The state’s child welfare watchdog told lawmakers Friday that child protection programs have improved two years after two high-profile deaths, but state workers continue to struggle with initial assessments of children’s safety and when to reunite families.

“It’s all been a good start and everything is headed in the right direction,” Maine’s child welfare services ombudsman, Christine Alberi, said in a briefing to the Health and Human Services Committee. “But I think it is going to take more time than we all would like to bring things to where they should be.”

Alberi spelled out her conclusions in a recent report after reviewing more than 100 cases handled by the Maine Department of Health and Human Services from October 2018 to September 2019.

The Child Welfare Services program within DHHS has been under close scrutiny since two young girls – 4-year-old Kendall Chick of Wiscasset and 10-year-old Marissa Kennedy of Stockton Springs – were killed by their parents or caretakers late in 2017 and early in 2018. Both girls died of prolonged, severe abuse, and subsequent investigations faulted DHHS as well as police for failing to intervene despite numerous complaints and warning signs.

DHHS launched multiple new initiatives and hired dozens of caseworkers and other staff following the girls’ deaths, and Gov. Janet Mills is asking lawmakers to approve additional child welfare positions. But the high-profile cases led to a surge in calls about potential abuse to DHHS, as well as a spike in children being placed in state custody.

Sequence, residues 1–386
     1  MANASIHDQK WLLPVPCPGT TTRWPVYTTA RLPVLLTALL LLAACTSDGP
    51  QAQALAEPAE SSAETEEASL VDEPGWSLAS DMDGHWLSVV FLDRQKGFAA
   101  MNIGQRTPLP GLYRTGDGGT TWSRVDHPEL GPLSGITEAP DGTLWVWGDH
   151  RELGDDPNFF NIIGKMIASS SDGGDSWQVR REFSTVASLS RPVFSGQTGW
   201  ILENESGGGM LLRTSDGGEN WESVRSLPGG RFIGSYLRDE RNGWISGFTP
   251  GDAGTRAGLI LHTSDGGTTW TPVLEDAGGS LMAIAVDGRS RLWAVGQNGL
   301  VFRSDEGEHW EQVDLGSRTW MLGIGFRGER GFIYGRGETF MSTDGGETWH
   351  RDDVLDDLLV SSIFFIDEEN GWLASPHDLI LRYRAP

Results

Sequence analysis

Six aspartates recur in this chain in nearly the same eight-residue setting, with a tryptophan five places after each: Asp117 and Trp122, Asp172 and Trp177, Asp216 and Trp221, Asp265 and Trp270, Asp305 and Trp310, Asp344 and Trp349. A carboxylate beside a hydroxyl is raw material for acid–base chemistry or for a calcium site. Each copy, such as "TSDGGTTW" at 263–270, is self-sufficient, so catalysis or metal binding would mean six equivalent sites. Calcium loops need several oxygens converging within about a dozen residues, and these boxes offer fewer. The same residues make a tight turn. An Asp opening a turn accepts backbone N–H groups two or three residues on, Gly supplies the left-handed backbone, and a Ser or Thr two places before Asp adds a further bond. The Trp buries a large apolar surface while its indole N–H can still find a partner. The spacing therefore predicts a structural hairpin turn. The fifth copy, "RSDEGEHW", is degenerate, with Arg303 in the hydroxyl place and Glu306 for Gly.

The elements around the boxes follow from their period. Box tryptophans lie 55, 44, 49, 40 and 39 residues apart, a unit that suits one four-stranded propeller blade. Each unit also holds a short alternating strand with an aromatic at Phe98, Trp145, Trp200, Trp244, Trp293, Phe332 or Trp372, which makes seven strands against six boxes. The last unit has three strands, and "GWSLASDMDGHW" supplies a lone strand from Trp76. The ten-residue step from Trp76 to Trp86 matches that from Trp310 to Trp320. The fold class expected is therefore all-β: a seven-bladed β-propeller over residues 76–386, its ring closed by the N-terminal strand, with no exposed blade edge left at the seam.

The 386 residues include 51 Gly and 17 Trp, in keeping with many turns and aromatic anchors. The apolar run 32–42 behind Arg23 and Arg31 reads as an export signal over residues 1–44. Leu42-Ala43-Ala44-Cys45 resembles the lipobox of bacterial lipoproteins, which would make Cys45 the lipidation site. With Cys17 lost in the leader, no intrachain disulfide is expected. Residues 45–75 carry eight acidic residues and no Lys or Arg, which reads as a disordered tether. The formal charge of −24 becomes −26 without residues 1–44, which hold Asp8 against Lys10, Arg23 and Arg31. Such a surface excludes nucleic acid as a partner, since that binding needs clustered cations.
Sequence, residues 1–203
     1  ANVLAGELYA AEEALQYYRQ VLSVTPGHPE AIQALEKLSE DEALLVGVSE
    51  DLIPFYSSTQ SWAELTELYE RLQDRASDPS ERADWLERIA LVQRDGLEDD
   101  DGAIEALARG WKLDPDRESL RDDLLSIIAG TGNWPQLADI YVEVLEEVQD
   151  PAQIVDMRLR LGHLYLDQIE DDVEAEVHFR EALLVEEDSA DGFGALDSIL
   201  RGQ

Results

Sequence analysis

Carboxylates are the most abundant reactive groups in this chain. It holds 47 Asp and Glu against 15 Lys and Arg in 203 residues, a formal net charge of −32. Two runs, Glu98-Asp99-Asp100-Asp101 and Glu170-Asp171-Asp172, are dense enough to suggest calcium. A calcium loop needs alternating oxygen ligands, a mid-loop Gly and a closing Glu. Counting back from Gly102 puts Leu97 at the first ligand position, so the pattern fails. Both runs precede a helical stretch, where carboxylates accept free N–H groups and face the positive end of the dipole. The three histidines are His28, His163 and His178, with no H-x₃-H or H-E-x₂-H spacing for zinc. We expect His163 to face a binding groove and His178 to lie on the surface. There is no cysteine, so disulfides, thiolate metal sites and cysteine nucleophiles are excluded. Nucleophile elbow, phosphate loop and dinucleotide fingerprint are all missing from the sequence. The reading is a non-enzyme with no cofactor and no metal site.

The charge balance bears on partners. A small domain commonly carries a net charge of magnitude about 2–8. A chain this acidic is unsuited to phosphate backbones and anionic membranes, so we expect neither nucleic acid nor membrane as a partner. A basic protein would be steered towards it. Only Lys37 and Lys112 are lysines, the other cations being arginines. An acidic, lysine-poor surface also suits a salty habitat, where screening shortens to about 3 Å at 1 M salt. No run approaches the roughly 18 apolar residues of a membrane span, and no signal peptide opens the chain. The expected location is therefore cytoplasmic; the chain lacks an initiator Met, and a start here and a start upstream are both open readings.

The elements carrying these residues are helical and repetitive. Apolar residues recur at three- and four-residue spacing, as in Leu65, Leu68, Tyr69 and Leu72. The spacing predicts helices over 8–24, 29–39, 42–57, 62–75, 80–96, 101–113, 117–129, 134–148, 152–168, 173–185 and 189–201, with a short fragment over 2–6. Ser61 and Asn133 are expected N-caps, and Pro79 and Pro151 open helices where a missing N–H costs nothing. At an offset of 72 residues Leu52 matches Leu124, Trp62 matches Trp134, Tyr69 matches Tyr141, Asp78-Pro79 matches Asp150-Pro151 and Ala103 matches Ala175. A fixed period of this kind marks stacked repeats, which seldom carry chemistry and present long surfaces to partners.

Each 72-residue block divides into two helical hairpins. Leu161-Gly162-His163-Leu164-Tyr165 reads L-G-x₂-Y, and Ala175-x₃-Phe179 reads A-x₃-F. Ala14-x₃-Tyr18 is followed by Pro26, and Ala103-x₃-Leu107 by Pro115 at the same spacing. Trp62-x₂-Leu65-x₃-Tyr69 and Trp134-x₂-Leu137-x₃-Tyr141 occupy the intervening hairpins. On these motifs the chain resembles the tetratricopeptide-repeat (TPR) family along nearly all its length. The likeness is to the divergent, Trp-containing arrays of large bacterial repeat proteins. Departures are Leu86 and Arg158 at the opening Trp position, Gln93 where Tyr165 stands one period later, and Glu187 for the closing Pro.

Alberi’s office received 611 “inquiries” or complaints about DHHS’ child welfare program during the yearlong review period, 153 of which resulted in full case reviews. Of the 98 cases that were closed last year, 37 cases found problems with the initial assessment or investigation, with the decision on reunifying a child with a family or other issues.

“During a time of so much change and shifting policy, it is difficult to fully analyze causes of issues, but it seems that the change in policy alone has not yet led to significant improvement in accurately determining the safety of children at the outset of child welfare involvement,” Alberi wrote in her report.

In one case Alberi reviewed, DHHS failed to conduct a follow-up assessment after initial interviews about suspected abuse. The assessment was not completed until five months later after one parent “severely injured one of the children, an infant, causing life-threatening and lifelong injuries.”

In several other cases, DHHS failed to consider the risk to children posed by parents who had severe substance use disorders. And in another, several children were taken into state custody because of “clear evidence of the parent’s continual physical abuse,” but a subsequent newborn stayed in the parents’ custody for more than a month.

Eleven of the cases reviewed by the ombudsman found problems with the family reunification process. In multiple cases, DHHS failed to conduct adequate follow-up assessments on the safety of living situations after children were returned to parents.

Parents also were given visitation rights with lower levels of supervision even though the department didn’t ensure that they were still participating in drug treatment programs. In one case, parents with a history of substance use disorder lost custody of a newborn because a parent had accidentally killed a previous child by rolling onto the infant during an “unsafe sleep incident.”

“The parents continued to exhibit concerning behaviors, but without clear reason visits started in the home with the parents and supervision was quickly reduced,” the report reads. “The department did not learn for nine months that the parents had not been in substance abuse treatment of any kind.”